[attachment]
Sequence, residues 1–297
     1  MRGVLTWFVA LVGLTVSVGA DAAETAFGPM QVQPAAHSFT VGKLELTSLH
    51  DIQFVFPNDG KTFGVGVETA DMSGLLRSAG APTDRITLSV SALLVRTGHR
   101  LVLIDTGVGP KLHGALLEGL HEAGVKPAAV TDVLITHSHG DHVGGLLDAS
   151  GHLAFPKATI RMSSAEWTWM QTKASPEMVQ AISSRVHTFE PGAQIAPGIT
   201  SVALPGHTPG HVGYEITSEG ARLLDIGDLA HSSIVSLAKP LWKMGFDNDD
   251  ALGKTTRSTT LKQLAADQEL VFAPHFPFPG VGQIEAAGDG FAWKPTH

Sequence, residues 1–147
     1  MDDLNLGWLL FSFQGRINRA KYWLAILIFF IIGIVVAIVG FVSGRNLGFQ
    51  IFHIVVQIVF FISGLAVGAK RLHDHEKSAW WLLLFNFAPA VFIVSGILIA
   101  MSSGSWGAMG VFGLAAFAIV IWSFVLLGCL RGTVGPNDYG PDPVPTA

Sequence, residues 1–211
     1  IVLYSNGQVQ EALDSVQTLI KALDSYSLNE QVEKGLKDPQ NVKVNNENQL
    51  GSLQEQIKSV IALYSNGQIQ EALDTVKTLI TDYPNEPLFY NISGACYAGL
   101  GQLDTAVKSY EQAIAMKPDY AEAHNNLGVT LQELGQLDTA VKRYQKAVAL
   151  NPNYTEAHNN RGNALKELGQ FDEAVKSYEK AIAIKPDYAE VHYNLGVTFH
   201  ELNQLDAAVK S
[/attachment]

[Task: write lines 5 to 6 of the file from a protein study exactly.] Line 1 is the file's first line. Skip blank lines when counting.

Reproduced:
   151  GHLAFPKATI RMSSAEWTWM QTKASPEMVQ AISSRVHTFE PGAQIAPGIT
   201  SVALPGHTPG HVGYEITSEG ARLLDIGDLA HSSIVSLAKP LWKMGFDNDD